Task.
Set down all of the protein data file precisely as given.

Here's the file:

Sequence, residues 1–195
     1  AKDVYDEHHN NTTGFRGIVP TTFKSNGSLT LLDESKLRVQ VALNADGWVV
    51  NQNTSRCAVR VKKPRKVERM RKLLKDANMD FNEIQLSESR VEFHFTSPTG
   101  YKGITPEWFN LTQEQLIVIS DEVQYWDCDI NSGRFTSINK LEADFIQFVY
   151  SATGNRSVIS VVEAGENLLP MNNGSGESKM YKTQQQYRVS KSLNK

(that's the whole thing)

Sequence, residues 1–195
     1  AKDVYDEHHN NTTGFRGIVP TTFKSNGSLT LLDESKLRVQ VALNADGWVV
    51  NQNTSRCAVR VKKPRKVERM RKLLKDANMD FNEIQLSESR VEFHFTSPTG
   101  YKGITPEWFN LTQEQLIVIS DEVQYWDCDI NSGRFTSINK LEADFIQFVY
   151  SATGNRSVIS VVEAGENLLP MNNGSGESKM YKTQQQYRVS KSLNK